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Darwin Correspondence Project

To William Lonsdale   6 May [1864]1

Down, Bromley, | Kent;

May 6th.

My Dear Lonsdale,

I received your letter with as much surprise as from one dead;2 for it so happened that 3 or 4 nights ago I was thinking about you and I saw you as plainly as in the old days in your little room at the Geolog. Soc.3 I was thinking how I could learn any news of you. I am sorry at the poor accoun/〉 I was thinking how I could learn any news of you. I am sorry at the poor account that you give, and I know how long and how much you havet that you give, and I know how long and how much you have suffered.4 I had quite forgotten about the coral, but I now remember its appearance. Your MS. is arrived and I am fairly astounded at the labour you have bestowed on the subject. It seems a very great pity that such labour should be wasted. Had I not better send the specimen and MS. to the Geolog. Soc. to be printed or kept in the archives?5 It might be of extreme use to any one working on the subject.

I have myself been ill for the last 9 months, but am slowly recovering and hope still to do a little work in Nat. History.6

Believe me, my dear Lonsdale, I shall ever remember your uniform kindness to me in old long past days, and our many pleasant conversations.7

I remain yours | Very sincerely, | Charles Darwin.


The year is established by the reference to CD’s long illness (see n. 6, below).
The letter from Lonsdale has not been found.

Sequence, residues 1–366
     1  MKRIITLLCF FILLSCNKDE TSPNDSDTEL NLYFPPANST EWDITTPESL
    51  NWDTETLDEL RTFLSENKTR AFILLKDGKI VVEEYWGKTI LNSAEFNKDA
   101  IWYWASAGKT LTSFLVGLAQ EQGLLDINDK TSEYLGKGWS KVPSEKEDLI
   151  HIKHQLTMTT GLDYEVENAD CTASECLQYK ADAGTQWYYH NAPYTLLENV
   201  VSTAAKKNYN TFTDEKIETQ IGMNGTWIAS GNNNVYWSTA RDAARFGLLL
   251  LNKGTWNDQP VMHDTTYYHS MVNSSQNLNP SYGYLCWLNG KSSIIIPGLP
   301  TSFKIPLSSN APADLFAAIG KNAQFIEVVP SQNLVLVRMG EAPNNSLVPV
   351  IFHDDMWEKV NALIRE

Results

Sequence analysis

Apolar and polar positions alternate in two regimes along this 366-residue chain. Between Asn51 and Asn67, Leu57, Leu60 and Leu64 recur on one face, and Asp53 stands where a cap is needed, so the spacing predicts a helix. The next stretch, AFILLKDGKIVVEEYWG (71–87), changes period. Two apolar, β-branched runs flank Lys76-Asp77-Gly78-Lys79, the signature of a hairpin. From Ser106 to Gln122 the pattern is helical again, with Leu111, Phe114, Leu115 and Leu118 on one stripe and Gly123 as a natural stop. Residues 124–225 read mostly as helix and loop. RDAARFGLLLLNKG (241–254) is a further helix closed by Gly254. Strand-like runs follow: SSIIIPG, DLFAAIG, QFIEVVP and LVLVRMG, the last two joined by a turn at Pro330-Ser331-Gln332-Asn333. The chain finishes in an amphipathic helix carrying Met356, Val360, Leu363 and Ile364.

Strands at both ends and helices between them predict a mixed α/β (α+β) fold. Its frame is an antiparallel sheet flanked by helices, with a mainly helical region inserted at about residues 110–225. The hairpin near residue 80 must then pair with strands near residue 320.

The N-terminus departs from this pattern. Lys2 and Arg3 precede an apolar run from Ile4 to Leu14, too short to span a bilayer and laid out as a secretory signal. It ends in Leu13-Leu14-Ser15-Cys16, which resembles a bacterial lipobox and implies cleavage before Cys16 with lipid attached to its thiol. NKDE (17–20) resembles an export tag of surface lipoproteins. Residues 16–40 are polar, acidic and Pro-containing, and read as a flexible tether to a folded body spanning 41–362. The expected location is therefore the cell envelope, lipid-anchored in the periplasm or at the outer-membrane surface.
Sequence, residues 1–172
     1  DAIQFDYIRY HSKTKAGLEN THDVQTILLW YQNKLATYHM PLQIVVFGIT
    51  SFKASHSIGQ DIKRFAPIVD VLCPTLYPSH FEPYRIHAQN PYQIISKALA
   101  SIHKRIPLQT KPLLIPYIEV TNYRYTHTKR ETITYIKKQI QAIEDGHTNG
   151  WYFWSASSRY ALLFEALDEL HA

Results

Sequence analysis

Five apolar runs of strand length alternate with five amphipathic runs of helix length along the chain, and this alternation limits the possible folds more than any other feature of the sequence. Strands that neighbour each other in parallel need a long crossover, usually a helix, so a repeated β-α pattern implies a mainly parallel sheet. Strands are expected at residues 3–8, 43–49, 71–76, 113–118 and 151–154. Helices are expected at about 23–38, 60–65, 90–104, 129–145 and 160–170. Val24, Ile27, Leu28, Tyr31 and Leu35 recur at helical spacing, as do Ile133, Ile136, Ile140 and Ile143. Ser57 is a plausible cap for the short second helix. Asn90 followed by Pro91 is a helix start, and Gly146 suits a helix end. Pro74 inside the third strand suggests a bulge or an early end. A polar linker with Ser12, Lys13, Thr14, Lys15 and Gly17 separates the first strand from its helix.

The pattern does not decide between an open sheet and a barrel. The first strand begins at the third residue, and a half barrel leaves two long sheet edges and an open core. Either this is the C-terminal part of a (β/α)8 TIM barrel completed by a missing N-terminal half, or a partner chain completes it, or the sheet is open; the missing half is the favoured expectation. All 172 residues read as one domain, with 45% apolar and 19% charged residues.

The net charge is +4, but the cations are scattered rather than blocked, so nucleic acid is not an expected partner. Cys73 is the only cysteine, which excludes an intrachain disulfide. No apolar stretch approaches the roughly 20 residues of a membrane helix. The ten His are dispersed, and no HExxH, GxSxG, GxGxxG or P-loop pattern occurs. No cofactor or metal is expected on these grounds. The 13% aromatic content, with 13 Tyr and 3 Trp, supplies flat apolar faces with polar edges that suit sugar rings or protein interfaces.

Lonsdale had been curator and librarian, then assistant secretary and librarian, of the Geological Society of London from 1829 to 1842 (DNB). He had described CD’s fossil coral specimens from Tasmania, collected during the Beagle voyage (see Volcanic islands, pp. 161–9).
Lonsdale had resigned his post at the Geological Society in 1842 because of poor health (DNB). Upon his resignation, CD had contributed to a subscription fund to assist Lonsdale in his work on fossil corals (Correspondence vol. 2, letter to A. S. Horner, [4 October 1842] and n. 4, and letter to Charles Lyell, [5 and 7 October 1842]).
The specimen and manuscript have not been found; however, in a letter to Peter Martin Duncan of 19 September 1876 (Calendar no. 10608), CD wrote: ‘On turning out a pile of rubbish in one of my rooms I found a parcel with a fossil coral & a long M.S account (beautifully written) by Lonsdale. I believe that this arrived during one of my long illnesses, anyhow it was completely forgotten’. CD said that he would send the specimen and manuscript to Duncan, who was then president of the Geological Society.
CD had been seriously ill for the last five months of 1863 and the first four months of 1864; his symptoms including persistent vomiting (see Correspondence vols. 11 and 12).
CD had been introduced to Lonsdale by Adam Sedgwick before his departure on the Beagle voyage (see Correspondence vol. 1, letter from Adam Sedgwick, 18 September 1831); he later remarked on the ‘most cordial reception’ given him by Lonsdale (see Correspondence vol. 1, letter to J. S. Henslow, [30–1 October 1836]). CD had considered Lonsdale as a possible editor of his 1844 species sketch, in the event of his death (see Correspondence vol. 3, letter to Emma Darwin, 5 July 1844, n. 5).


Thanks WL for his MS on coral and suggests that it be sent to the Geological Society for printing or preserving in the archives.

Comments on his and WL’s bad health and recalls WL’s past kindness to him.

Letter details

Letter no.
Charles Robert Darwin
William Lonsdale
Sent from
Source of text
Murch 1893, pp. 436–7

Please cite as

Darwin Correspondence Project, “Letter no. 5080A,” accessed on 31 March 2020,

Also published in The Correspondence of Charles Darwin, vol. 18 (Supplement)